PHP injection is a method that allows malicious code to be injected into sites that receive user data and have not been properly secured. It is a hacking method that, through personalised code added to, for example, a URL, makes it possible to check configuration files or to perform some operation on a database. An unsecured application is exposed to serious losses, not only in terms of image but also financially.
I invite you to read the article that will explain what PHP injection is, what types of PHP injection there are and how to protect yourself against it.
How PHP Injection Attacks Work
A code injection attack is one of the most popular hacking methods used to inject malicious code or obtain application data. A poorly secured application will allow a hacker to inject a code that would perform some action, such as allowing a hacker to view a configuration file that contains database access data.
Every application, even if it is only accessible to logged-in users, has places that take some value from the user. This could be a form or even a simple URL that contains some variable.
PHP code injection
Code injection is a hacker attack that involves injecting malicious code in order to damage an application, check a code or extract data from, for example, configuration files.
Let's assume that the URL in the application looks like this:
where X is the user's unique ID.
Assuming that the application is poorly prepared and the variables are not properly secured, you will probably find something like this in the profile.php file:
$userId = $_GET['id'];
Retrieving the id value from the array of variables $_GET is not secured in any way. The attacker will insert properly prepared code instead of the user ID and the PHP interperator will execute this code as if it were part of the application.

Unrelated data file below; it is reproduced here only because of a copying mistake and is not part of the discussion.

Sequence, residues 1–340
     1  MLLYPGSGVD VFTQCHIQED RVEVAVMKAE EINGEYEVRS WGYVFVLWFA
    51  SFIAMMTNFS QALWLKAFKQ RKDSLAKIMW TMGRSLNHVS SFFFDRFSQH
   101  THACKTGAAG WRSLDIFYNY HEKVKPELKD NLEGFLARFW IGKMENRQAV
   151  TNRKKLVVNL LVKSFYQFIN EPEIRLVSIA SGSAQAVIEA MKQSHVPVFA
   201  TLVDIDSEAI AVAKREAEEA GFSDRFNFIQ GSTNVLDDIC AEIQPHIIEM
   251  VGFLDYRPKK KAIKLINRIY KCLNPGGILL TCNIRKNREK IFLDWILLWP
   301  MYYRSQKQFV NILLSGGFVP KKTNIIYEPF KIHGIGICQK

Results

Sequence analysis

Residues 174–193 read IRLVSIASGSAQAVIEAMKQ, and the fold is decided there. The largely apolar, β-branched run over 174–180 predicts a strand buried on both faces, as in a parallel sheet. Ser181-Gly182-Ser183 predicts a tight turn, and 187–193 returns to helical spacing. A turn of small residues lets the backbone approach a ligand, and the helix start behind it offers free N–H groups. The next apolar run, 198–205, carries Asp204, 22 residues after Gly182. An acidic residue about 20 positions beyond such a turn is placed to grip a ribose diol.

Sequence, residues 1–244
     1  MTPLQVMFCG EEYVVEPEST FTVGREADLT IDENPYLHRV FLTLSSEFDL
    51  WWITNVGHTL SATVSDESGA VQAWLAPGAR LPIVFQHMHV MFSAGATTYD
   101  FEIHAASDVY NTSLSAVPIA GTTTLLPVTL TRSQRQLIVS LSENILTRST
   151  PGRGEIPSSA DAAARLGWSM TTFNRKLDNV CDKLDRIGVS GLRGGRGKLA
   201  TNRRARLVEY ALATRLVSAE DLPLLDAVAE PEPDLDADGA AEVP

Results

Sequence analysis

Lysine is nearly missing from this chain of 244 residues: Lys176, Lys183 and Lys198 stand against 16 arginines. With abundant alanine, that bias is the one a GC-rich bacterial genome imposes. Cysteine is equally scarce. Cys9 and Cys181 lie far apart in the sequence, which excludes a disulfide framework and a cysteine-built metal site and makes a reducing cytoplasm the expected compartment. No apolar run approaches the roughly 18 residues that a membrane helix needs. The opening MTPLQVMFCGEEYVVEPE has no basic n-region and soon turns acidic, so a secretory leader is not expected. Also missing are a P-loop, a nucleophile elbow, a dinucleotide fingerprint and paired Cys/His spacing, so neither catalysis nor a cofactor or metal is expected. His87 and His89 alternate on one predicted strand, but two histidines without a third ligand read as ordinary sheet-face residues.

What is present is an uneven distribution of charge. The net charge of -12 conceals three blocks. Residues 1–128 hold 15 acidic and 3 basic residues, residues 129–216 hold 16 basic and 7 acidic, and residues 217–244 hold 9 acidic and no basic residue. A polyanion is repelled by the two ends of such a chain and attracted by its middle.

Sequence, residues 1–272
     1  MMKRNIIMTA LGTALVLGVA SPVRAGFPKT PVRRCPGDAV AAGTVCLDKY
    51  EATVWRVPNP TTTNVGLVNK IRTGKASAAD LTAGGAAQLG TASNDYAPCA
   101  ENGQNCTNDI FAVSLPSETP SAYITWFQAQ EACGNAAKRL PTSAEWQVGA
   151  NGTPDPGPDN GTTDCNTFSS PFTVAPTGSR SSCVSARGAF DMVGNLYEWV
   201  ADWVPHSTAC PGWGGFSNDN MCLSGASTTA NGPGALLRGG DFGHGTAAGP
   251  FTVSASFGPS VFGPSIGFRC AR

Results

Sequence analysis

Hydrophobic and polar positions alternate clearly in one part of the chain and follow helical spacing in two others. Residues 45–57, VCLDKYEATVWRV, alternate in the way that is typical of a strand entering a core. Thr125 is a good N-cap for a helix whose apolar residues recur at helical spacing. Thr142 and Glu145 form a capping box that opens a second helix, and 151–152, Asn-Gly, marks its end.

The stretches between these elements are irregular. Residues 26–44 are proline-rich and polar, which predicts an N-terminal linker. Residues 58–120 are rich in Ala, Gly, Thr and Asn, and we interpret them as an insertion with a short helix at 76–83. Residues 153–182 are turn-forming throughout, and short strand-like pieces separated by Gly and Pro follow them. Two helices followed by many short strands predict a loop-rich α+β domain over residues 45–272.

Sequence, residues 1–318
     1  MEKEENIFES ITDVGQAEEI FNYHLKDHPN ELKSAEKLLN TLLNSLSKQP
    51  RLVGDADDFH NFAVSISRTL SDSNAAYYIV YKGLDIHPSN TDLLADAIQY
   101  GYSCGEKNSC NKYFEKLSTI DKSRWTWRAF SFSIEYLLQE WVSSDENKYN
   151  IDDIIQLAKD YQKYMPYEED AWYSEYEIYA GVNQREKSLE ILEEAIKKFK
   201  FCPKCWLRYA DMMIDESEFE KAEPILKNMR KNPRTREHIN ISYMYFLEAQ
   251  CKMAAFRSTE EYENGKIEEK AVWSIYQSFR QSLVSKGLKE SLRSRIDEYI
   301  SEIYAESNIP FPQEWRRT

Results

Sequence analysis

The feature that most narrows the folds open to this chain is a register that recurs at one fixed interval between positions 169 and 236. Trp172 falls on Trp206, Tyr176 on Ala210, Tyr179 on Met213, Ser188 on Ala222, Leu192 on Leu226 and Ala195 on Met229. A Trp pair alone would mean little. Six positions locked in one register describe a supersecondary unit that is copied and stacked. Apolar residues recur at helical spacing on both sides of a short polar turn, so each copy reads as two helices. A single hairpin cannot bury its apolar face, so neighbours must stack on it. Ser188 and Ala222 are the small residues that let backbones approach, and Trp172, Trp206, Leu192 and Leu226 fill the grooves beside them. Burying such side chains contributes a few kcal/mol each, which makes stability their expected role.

the above code will display all the information about PHP.
The above example is the simplest and does not pose a threat but you can also call instructions in this way that, for example, will create a file with the content specified for you, e.g. it will display the source of all files on the server.
SQL injection works similar to code injection. The difference is that the code injected into an application is not executed in PHP but directly in the database.
Still operating on the earlier example, we have a file that contains a user ID in the URL:
assuming that the code in the file looks like this:
$userId = $_GET['id'];
$user = $this->db->fetch('select * from users where id = ' . $userId);
we have a situation in which we pass a variable to the database query that is not secured and can contain everything.
For example, calling such a URL will delete all the records from the users table:
www.aplikacja.pl/profil.php?id=X; truncate users;
Our id variable is not cleaned up in any way so a query with a code injected in this way will look like this:
select * from users where id = 1; truncate users;
As you can see, the properly injected code made us end this query and immediately add another one which can be very tragic for the application.
Command injection works in the same way as code injection. The difference is that the hacker injects code that calls a function not in PHP but directly on the server.
Assuming we have a code that is supposed to show us a list of all the files uploaded by users based on their ID:
$userId = $_GET['id'];
exec(‘ls -l /storage/’ . $userId);
If you modify the code above, you can, for example, clear all files on the server. All you have to do is modify the URL like this:
www.aplikacja.pl/profil.php?id=1; rm * -Rf /
In addition to getting the list of files using the LS command, we will also call the RM command which is used to delete files. If we will set the root directory, i.e. /, as the parameter, the command would delete all files on the server.
Preventing PHP Code Injections
There are several methods to protect against code injections but the most important is to parse everything the user can pass through the application. All data from URLs and forms must be passed through a function like htmlspecialchars() before they go anywhere further into the application. You must be prepared for the worst-case scenario, i.e. a user trying to intentionally harm your application. You can’t forget any place so it is best to set this type of security globally.
You also need to take care of submitting forms so that someone does not send a crafted request from another site. Such an event is called cross-site request forgery or CSRF in short. You can be protected against this type of situation by adding a token to the form which is then verified after the request is accepted. Frameworks such as Laravel and Symfony have built-in tools that protect against CSRF attacks.
Security in the code is one thing but it is also a very important step to use a tool that will let you know that someone is trying to find a vulnerability in your application. Streply is ideal for this, thanks to its automatic error catching and the logs that can be put on the most important actions of the application you will immediately know when unwanted situations occur.
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